Millennials are Going to Hear From us in 2014

Reince Priebus - January 10, 2014

Red Alert Politics
RNC Chairman Reince Priebus
January 10, 2014

Last month, a Harvard poll of Millennials had some pretty damning news for President Barack Obama and his fellow Democrats. Not only do 54 percent of 18-29-year-olds disapprove of the president’s job performance, but also 52 percent of 18-24-year-olds would recall him if given the chance.

That’s headline news for a president who built a reputation for connecting with young people. More importantly, it’s an indictment of his policies and his leadership.

It’s no coincidence that the president’s popularity has fallen at the very time ObamaCare has been in the news almost non-stop. And as anyone who’s been awake the last few months knows, that news hasn’t been good: canceled plans, sticker shock, a malfunctioning website.

According to Harvard, Millennials have taken note: 57 percent disapprove of ObamaCare. A majority believe it will drive up costs.

ObamaCare is not kind to young people. Young, healthy Americans shopping for individual plans could spend more than twice as much as they would have before ObamaCare for the same coverage.

And young people have no choice. Under ObamaCare, they must purchase insurance or pay a fine. Democrats are counting on young healthy Americans to subsidize older Americans.

It’s not fair, but it’s what Millennials should come to expect from Democrats. They consistently advocate for borrowing more money to pay for things the country can’t afford. It’s younger Americans who will pay off that debt someday. And here again, they’re subsidizing older Americans.

Young people have endured a lot in the Obama years, including record student loan debt and an 11.1 percent unemployment rate for 20-24-year-olds. Today, 18-34-year-olds account for almost half of all unemployed Americans. What has the president done for them?

Good question.

Last month, the White House held a “youth summit” to talk to young people about ObamaCare and try to improve the administration’s image. They tried to give the impression Millennials have a seat at the table in the Obama White House. But as College Republican National Committee Chair Alex Smith noted, an event for doling out pro-administration talking points isn’t a seat at the table; it was more like Millennials were stuck at the “kids’ table.”

That’s not acceptable. It’s not fair that Democrat policies are making life harder for Millennials and forcing them to spend more of their paychecks — if they have paychecks.

Millennials need leaders that will give them every opportunity to succeed in life. Young people want to work; they want to live their lives. Too many of them don’t have that chance in today’s economy, which still looks too much like the economy of a few years ago.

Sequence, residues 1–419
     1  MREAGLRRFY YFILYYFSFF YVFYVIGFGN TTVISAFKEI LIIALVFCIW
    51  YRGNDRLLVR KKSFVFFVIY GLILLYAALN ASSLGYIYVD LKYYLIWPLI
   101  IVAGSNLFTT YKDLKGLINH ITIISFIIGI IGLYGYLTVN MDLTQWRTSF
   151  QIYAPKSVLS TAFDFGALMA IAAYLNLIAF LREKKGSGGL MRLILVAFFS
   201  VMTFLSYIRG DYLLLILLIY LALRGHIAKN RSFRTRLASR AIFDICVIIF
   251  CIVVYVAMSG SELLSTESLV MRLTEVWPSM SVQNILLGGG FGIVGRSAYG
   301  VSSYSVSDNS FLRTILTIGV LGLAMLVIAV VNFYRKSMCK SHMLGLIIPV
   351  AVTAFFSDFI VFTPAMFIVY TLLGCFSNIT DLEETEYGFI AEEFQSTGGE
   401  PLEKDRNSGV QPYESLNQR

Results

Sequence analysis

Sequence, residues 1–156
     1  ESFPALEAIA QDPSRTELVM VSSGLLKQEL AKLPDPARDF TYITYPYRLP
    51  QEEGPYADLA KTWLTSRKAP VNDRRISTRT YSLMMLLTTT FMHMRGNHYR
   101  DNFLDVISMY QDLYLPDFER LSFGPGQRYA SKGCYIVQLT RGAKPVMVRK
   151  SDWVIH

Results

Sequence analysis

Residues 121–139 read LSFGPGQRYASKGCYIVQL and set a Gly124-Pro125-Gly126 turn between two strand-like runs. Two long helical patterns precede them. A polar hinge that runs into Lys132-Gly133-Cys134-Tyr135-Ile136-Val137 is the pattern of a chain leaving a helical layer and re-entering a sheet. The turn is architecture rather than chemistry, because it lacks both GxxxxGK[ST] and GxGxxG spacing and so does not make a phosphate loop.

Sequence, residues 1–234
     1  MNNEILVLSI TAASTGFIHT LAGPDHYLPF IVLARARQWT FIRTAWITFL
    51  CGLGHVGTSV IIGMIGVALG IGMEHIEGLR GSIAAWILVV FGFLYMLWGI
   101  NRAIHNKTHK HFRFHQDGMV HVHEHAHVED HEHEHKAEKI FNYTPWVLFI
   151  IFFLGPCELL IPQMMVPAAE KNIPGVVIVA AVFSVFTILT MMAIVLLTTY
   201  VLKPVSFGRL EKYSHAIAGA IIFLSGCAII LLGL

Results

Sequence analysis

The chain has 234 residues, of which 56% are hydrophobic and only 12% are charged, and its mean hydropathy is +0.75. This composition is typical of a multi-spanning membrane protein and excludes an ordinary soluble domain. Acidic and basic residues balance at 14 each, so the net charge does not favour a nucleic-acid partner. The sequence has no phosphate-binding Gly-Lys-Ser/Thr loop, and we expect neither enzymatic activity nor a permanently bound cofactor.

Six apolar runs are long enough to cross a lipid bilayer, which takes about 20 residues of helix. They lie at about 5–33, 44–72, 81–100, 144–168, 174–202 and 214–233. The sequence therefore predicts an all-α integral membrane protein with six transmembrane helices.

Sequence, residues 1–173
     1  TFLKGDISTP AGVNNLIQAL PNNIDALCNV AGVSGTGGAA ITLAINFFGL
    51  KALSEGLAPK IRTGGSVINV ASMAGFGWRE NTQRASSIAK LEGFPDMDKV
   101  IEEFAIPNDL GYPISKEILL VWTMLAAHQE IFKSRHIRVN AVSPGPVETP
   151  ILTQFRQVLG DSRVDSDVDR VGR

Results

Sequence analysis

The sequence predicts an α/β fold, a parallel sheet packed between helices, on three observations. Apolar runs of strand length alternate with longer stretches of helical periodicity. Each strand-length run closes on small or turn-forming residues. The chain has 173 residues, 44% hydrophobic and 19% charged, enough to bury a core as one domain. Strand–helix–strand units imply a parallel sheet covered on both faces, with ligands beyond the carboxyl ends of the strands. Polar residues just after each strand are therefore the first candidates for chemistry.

Republicans can’t guarantee that everyone’s outcomes will be the same, but we can guarantee that we won’t force the Millennial generation to subsidize other generations more and more. We wouldn’t get in their way; we’d get out of their way — letting them get to work and get on with life.

We don’t believe their lives need to be micromanaged from Washington, D.C. We believe in giving them the freedom to chart their own courses. But they won’t have that freedom as long as Democrat policies keep them from good jobs and financial security.

Now, it’s no secret that Republicans didn’t win the majority of young people’s votes in the last election. We have work to do. One of the RNC’s priorities is engaging more with young people and offering our ideas. It’s not enough for them to reject President Obama and the Democrats; Republicans must stand as a viable option.

That is why we asking our young volunteers to focus on their own communities — having them work on their campuses and in their neighborhoods. Because we know that young people are tired of failed policies that promise more than they deliver. We are going to be leading candidates to events focused on young voters so that they can hear firsthand the issues on Millennials’ minds — and so Millennials can hear our candidates’ priorities. Young people have not heard enough about the party’s positive vision for America. That changes now.

The 2014 midterms are less than a year away. Republicans will offer to young people an alternative to the status quo: more freedom to live their lives as they determine. We’ll spend the next ten months sharing that message.

Reince Priebus is the chairman of the Republican National Committee.

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